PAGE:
In her piece, “On Literary Awards,” for Inside Story website, Susan Lever says:

This plethora of prizes may be overwhelming to readers, but for writers in Australia, an English-speaking country with access to the literary publishing of the rest of the world, they offer a little financial support and, sometimes, help in building a reputation and boosting sales. It remains difficult for a literary writer to make any kind of living from publishing in Australia.

But the relation of prize-author-press-money still requires some teasing out. Courtesy of some national and state autobiography awards, a friend of mine, John Hughes, won $40,000 for his memoir, The Idea of Home. He was also invited across from Sydney to Perth and hosted to some lovely food and wine by Janet Holmes à Court down at Western Australia’s Margaret River region.

It is also true that on some occasions the press which has published an award-winning writer might not see much increase in book sales as a result of the award. We know that it is not always the case that winning the Booker Prize – an award established by Jonathan Cape Press – will generate sales. Famously, in 1994 James Kelman won the Booker with How Late it Was, How Late, written in a Scots dialect, and his book sold scarcely any copies in the wake of his award success. That is, some prizes benefit the writer a great deal and the press scarcely at all, while some other prizes benefit both.

Fiction translated into English is always helped by winning a major award. When Austrian writer Elfriede Jelinek became a Nobel Prize winner, Serpent’s Tail sold 100,000 of The Piano Teacher and 25,000 of the other books of hers they had in their list. Prior to that they had sold 4,000 copies of all of her works on which they held English translation rights. So it seems to depend on which prize you win. I remember the year of the Academy Awards when Phil Kauffman’s excellent film of Tom Wolfe’s book about Chuck Yeager and co, The Right Stuff (1983) was up for seven awards. The studio was desperate to win some awards and generate more financial life for the film. But the four awards given were in the technical areas (Film Editing, Tom Conti’s Music Score, Best Sound, and Best Sound Effects) as opposed to gaining awards for acting, cinematography, director and best film. In 2016 we might now see 1983 as a watershed year in Academy Award prize culture. Receiving those awards had a negligible impact on The Right Stuff’s box-office whereas there now seems a much greater general interest among filmgoers in the technical, geeky aspects of filmmaking. As the latest embrace of 3-D by filmmakers and film viewers indicates, most viewers of James Cameron’s Avatar were deeply involved in analysing and appreciating its technical features, as opposed to earlier ineffective, sporadic experiments with forms of 3-D that had accompanied cinema from its birth through to the 1950s.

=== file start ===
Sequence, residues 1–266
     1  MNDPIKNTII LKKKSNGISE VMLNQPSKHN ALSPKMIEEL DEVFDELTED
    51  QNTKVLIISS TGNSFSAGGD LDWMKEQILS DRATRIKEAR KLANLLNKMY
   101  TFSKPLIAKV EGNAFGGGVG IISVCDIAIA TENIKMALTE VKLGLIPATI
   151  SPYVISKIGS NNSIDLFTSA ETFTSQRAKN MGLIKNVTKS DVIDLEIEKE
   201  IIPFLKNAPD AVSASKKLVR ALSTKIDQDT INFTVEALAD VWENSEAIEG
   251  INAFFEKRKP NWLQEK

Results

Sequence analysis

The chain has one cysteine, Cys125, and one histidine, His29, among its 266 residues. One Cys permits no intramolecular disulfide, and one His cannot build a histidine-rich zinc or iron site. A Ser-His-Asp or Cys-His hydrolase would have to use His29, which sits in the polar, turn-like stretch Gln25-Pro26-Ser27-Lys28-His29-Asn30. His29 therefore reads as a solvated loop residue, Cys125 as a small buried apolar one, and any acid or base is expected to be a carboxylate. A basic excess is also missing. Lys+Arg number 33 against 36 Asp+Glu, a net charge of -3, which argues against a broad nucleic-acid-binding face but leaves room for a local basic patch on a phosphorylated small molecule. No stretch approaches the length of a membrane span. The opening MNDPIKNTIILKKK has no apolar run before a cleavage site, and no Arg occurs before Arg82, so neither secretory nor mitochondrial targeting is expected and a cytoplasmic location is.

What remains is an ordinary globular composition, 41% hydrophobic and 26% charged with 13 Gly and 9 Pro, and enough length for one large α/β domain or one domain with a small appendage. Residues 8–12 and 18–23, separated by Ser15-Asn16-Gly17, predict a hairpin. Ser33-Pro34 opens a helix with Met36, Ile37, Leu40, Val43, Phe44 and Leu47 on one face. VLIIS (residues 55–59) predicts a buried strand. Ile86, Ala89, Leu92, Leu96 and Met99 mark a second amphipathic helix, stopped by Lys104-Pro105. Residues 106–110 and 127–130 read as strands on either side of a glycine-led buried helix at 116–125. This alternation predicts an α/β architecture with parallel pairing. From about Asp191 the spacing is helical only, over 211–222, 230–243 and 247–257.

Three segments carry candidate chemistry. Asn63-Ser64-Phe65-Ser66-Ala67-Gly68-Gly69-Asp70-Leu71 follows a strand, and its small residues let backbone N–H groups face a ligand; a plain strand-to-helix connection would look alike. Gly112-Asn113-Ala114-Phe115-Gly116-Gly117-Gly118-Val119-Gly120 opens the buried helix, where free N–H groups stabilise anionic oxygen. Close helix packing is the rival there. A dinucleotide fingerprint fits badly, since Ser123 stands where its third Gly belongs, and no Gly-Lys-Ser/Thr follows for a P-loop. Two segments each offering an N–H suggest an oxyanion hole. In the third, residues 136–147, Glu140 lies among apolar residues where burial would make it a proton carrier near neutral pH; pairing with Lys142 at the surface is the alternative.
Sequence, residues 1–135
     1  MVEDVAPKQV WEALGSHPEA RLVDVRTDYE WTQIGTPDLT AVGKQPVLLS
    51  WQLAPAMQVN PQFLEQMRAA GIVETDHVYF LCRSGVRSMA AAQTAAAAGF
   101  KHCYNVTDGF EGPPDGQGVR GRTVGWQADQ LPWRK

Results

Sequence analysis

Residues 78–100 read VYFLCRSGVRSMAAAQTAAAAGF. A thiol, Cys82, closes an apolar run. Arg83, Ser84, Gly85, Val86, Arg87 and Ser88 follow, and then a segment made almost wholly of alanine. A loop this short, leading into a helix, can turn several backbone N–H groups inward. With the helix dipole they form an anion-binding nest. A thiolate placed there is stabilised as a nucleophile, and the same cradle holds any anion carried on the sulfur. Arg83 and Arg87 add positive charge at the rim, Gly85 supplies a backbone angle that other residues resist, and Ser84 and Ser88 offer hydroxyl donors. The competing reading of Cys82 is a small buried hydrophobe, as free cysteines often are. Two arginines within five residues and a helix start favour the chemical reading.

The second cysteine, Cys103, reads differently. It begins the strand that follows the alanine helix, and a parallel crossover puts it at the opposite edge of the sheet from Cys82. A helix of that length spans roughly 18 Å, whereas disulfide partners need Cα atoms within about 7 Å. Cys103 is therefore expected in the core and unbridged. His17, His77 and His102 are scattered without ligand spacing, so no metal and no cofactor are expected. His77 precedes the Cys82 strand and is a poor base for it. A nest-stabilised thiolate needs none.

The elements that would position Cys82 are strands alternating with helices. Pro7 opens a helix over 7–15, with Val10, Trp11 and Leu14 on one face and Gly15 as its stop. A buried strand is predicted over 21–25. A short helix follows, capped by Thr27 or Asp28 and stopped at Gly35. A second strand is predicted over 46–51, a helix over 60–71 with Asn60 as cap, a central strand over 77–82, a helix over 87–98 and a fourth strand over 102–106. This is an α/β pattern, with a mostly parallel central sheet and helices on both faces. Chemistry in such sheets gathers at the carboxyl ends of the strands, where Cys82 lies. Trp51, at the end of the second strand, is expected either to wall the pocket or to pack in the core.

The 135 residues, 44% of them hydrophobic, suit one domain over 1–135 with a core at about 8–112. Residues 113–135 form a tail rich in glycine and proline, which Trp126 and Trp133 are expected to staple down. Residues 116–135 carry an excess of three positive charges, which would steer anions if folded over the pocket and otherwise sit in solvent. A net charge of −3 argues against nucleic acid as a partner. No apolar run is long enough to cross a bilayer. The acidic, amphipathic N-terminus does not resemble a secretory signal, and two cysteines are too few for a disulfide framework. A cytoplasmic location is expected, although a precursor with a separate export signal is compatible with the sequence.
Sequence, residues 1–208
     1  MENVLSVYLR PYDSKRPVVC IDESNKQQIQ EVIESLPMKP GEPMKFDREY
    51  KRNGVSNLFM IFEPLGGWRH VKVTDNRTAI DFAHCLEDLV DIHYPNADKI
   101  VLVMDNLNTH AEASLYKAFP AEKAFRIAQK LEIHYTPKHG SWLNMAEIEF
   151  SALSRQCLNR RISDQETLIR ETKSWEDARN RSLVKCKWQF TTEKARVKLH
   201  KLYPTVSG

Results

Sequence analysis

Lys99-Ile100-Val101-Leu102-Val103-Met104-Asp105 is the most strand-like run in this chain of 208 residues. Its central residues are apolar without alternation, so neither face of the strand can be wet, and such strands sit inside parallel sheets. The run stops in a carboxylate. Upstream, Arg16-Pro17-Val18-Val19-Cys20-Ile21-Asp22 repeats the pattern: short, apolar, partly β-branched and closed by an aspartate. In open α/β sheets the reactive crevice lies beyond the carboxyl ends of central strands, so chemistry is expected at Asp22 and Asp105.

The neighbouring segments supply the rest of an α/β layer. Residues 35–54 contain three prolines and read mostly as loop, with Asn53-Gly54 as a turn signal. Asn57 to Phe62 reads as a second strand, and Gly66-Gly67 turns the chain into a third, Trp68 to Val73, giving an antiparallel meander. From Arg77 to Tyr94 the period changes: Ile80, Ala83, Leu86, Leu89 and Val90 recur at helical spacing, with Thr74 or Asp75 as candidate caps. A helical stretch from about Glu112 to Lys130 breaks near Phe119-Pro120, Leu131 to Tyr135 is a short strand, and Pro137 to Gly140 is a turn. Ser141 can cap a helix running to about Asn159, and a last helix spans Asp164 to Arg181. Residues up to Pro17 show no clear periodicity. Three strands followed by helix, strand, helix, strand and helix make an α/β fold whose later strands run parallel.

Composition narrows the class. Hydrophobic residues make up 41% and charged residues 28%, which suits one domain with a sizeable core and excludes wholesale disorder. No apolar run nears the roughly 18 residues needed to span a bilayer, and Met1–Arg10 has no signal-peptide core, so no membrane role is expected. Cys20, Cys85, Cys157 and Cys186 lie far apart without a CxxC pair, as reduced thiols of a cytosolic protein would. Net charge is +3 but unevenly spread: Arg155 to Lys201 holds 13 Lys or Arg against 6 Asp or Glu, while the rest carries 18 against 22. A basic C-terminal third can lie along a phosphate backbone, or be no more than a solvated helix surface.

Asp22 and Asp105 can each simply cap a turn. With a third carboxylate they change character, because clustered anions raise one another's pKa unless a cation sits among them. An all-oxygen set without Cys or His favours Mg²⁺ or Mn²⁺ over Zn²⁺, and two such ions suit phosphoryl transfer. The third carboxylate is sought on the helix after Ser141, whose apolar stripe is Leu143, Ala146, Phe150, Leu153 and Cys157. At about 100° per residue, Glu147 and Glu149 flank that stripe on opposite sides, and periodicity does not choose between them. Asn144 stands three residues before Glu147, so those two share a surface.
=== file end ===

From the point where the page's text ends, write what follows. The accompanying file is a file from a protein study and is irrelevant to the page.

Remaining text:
In Australia two things usually follow on from a book winning a major award or even from being short-listed. First, a host of local state municipal libraries acquire it, as do university libraries. The absence of any strong library system at municipal or university level in the Philippines means that this flow-on factor wouldn’t work here.